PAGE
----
African Female Breast Cancer Epidemiology (AFBRECANE) Study
The Goal: to determine the incidence, prevalence, and outcomes of standard treatments of various forms of breast cancer in Nigeria, while evaluating new genetic markers and technologies to inform breast cancer prevention and treatment strategies.
Dr. Clement Adebamowo
Institute of Human Virology Nigeria/ University of Maryland
Dr. Sally Adebamowo
University of Maryland
Dr. Emmanuel Ezeome
University of Nigeria Teaching Hospital Enugu
Dr. Charles Rotimi
National Institutes of Health
Breast cancer is the most common cancer in women globally and it is increasingly overtaking cervical cancer as the most common female cancer in low and middle income countries (LMIC). In developed countries, increased incidence of breast cancer has been driven by hormone receptor positive breast cancer but there are concerns that this may not be the case in Sub-Saharan Africa including Nigeria. There is also controversy about the distribution of molecular subtypes of breast cancer in African women. Furthermore, little is known about the role that environmental factors, such as diet, physical activity and vitamin D play on risk of breast cancer and its molecular subtypes in Nigerian women.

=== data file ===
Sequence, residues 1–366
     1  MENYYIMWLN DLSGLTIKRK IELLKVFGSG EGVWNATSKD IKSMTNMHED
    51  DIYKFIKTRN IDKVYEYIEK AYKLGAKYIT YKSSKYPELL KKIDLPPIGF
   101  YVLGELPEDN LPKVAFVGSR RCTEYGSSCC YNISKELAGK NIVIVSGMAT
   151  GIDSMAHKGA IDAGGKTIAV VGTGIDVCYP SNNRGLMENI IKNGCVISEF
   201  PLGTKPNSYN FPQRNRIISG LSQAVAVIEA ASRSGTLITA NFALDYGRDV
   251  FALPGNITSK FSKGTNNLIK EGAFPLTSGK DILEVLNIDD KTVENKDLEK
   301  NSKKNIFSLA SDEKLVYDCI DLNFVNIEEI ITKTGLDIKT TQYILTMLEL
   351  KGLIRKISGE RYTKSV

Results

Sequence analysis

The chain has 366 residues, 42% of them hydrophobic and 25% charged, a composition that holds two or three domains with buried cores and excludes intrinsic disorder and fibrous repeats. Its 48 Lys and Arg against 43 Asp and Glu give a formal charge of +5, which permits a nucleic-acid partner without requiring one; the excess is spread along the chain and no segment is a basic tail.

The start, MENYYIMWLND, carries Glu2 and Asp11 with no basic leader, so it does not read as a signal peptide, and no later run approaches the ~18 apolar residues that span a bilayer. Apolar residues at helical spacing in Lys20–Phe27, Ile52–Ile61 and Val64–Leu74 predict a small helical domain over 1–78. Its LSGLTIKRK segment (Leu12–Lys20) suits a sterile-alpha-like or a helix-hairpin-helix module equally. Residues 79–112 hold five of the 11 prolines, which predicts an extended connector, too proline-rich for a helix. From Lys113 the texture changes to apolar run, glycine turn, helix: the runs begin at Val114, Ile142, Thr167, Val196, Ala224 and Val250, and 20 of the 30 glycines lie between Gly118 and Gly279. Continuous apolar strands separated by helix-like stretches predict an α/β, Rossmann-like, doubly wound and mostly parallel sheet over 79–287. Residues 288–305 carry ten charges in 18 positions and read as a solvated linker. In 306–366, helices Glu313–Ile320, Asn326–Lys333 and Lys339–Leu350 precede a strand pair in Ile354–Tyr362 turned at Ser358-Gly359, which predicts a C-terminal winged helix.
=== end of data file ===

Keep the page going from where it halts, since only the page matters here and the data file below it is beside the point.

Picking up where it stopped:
- Enroll 1,000 women with breast cancer to participate in the study, collecting their DNA samples, information regarding lifestyle and capturing multi-generational family history of breast cancer in Nigeria for the first time.
- Use modern genomic technologies to compare the genomes of women with breast cancer and those without.
- Evaluate the contributions of specific risk factors, including diet, vitamin D and physical activity to incident breast cancer and its molecular subtypes in Nigerian women.
The results of the study could have a number of wide-ranging yet impactful implications not only for the health of Nigerian women, but women of African descent and other women globally. Given that only few comprehensive epidemiological studies of this type have been conducted on molecular subtypes of breast cancer in black women, this AFBRECANE study will contribute significantly to the global knowledge of the epidemiological and genomic determinants of molecular subtypes of breast cancer, and may generate deep insights into the roles of environmental risk factors. Furthermore, there is great potential to discover African-specific gene variants that are associated with breast cancer that can be used to evaluate genetic risk for breast cancer in populations of African women.
Institute of Human Virology Nigeria, University of Nigeria Teaching Hospital Enugu
USA: National Institutes of Health, University of Maryland